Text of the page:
Famagusta Museums and Art Galleries

(Famagusta, Cyprus)

Photo of the Royal Palace / Venetian Palace and Namik Kemal Prison MuseumHistory is ever present all around Famagusta, in the form of ancient ruins, Roman baths and even some royal tombs. To gain a better understanding of the city's heritage, the museums of Famagusta deserve a little attention.

Take a stroll along the historical city walls close to the Famagusta harbour and it won't be long until you reach the Canbulat Museum. Alternatively, the Namik Kemal Prison Museum at the Venetian Palace remains makes for a memorable visit, as does the St. Barnabas Icon and Archaeological Museum at the Monastery of St. Barnabas. And if Cypriot art work is of interest, then head to the Studio Atlantis in nearby Paralimni to pick up a holiday souvenir in the form of a stylish contemporary canvas.

Further picture of the Royal Palace / Venetian Palace and Namik Kemal Prison Museum

Royal Palace / Venetian Palace and Namik Kemal Prison Museum

Address: Namik Kemal Meydani, Famagusta, Cyprus
The remains of Famagusta's Venetian Palace are often of interest to tourists, even though what is left is fairly insignificant. Located on the westerly side of the Namik Kemal Meydani, the Venetian Palace was originally named the Palazzo del Provveditore (Proveditore) and currently comprises several archways, some stone columns and a number of old cannon balls. Standing on the Namik Kemal Meydani and directly opposite the Lala Mustafa Pasha Mosque, the ruins of the Palazzo del Proveditore really are quite fascinating. This Royal Palace is the very spot where the earliest Kings of Queens of the island were once crowned and although in ruins, the former prison of Namik Kemal (a famous 19th-century Turkish playwright) is still standing and in a surprisingly good state of repair.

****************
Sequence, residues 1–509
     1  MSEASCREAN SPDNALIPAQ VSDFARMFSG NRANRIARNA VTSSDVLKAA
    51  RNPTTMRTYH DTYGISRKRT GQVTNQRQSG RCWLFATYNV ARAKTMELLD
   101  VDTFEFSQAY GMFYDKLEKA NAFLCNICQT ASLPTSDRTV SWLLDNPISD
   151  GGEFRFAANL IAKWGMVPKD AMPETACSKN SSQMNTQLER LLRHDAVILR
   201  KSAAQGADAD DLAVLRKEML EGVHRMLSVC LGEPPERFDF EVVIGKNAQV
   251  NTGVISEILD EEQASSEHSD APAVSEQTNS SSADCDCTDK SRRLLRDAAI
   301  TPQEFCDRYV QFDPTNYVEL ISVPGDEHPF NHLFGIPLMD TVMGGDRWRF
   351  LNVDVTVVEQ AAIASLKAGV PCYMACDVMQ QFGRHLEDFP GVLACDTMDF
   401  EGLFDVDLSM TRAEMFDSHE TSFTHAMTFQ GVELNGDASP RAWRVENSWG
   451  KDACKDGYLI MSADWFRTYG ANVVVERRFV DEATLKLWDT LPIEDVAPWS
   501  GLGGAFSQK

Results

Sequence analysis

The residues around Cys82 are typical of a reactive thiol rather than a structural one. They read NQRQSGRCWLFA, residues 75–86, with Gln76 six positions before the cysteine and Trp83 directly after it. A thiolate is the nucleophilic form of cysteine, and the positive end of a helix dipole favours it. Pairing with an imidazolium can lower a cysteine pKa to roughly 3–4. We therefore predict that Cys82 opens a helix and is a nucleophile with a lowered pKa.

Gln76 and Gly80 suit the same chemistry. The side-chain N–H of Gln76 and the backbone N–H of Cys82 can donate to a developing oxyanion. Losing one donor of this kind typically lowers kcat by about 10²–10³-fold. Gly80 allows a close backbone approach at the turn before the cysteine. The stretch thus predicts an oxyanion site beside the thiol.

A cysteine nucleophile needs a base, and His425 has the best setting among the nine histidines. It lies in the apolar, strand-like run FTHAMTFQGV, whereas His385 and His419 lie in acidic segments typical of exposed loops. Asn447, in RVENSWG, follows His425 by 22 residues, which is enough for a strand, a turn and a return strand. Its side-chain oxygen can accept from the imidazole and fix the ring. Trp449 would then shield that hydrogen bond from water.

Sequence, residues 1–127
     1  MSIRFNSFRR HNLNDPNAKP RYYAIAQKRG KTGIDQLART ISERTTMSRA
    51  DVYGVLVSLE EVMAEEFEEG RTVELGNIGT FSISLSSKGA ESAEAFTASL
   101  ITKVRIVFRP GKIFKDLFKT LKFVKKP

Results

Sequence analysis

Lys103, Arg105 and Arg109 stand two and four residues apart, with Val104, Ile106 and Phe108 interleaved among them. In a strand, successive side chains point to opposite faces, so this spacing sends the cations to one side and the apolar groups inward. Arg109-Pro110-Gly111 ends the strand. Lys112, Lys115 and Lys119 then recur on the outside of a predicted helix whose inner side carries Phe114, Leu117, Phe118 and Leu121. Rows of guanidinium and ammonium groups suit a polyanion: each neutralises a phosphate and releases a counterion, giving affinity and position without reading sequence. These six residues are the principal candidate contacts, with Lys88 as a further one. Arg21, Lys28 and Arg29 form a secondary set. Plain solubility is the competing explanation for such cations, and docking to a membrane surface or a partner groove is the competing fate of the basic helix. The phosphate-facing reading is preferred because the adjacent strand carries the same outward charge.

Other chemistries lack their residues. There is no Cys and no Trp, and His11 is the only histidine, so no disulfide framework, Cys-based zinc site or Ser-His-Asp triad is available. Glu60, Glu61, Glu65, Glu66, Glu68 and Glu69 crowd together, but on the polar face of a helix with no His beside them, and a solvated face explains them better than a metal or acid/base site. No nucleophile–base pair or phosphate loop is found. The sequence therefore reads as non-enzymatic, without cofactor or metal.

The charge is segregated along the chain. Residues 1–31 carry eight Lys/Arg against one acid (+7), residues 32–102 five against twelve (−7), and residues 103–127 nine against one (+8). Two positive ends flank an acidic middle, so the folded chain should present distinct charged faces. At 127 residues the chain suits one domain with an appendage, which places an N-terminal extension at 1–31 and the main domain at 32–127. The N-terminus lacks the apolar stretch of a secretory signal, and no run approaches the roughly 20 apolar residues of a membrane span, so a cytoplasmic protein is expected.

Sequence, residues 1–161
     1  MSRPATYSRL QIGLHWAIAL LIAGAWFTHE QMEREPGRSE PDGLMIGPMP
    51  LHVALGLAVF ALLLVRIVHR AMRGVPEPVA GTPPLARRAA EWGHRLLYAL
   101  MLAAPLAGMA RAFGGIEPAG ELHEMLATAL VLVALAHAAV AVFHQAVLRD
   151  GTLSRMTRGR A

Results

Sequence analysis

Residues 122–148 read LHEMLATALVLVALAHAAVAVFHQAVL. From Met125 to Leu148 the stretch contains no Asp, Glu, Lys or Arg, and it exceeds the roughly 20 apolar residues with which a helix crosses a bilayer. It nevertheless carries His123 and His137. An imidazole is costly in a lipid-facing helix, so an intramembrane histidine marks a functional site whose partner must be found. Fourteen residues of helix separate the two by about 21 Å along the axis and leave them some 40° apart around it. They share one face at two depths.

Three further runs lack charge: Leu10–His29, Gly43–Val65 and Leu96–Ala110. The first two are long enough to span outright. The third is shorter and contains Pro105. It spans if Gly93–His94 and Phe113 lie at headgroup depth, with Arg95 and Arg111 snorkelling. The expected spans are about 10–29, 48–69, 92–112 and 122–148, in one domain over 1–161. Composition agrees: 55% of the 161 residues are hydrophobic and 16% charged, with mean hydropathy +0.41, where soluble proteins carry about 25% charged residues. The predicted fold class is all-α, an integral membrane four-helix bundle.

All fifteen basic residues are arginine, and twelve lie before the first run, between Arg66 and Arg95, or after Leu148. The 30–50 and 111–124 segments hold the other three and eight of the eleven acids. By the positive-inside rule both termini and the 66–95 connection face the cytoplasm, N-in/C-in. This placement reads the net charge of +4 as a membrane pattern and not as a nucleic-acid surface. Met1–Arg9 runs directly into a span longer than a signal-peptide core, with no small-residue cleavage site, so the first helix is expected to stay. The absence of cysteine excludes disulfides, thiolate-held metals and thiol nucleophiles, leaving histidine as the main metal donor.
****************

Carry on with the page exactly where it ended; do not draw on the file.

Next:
Open hours: daily - 07:30 to 14:00, also Monday - 13:30 to 18:00
Admission: charge

Canbulat Museum / Djanbullat Museum

Address: Canbulat Yolu, Famagusta, Cyprus
Housed within a former armoury, this cultural attraction is part of the tomb of Canbulat Bey - an Ottoman soldier remembered for the part he played in the downfall of Famagusta, which was then a Venetian-ruled city. It is said that Canbulat Bey lost his life in a dramatic fashion, since he rode his horse into a wheel covered with large spikes. The Canbulat Museum houses an array of locally found artefacts, with perhaps the most interesting aspect being the display relating to the 1974 campaign to liberate the Old Town's Turkish enclave.
Open hours: Monday to Saturday - 09:00 to 17:00
Admission: charge

St. Barnabas Icon and Archaeological Museum

Address: Monastery of St. Barnabas, Famagusta, Cyprus
Located at the Monastery of St. Barnabas, the Archaeological Museum stands within the actual monastery cloisters and is home to some very interesting displays. Especially impressive are the 18th-century icons (holy paintings), which depict religious scenes, such as the Banquet of Herod, where John the Baptist was beheaded. There are also a multitude of ancient Bronze Age pottery pieces here, originating from the site of Enkomi. Many of the exhibits are displayed in glass cabinets and clearly labelled. Outside, the courtyard gardens make a pleasant spot to relax, shaded from the sunshine by the giant Turkish fig trees.
Open hours: Monday to Saturday - 09:00 to 17:00
Admission: charge

Studio Atlantis

Address: 273 Protaras Avenue, Paralimni, Cyprus
Tel: +357 97 648 932
Close to Famagusta and situated in the neighbouring town of Paralimni, the Studio Atlantis is a popular commercial art gallery, as well as a fashion boutique, selling an unusual mixture of paintings and clothing. Local Cypriot artists are encouraged to exhibit here and often create their paintings on enormous canvasses. Styles range from traditional Cypriot art to more modern, contemporary paintings, suiting most tastes and budgets.
Open hours: Tuesday to Saturday - 09:30 to 14:00
Admission: free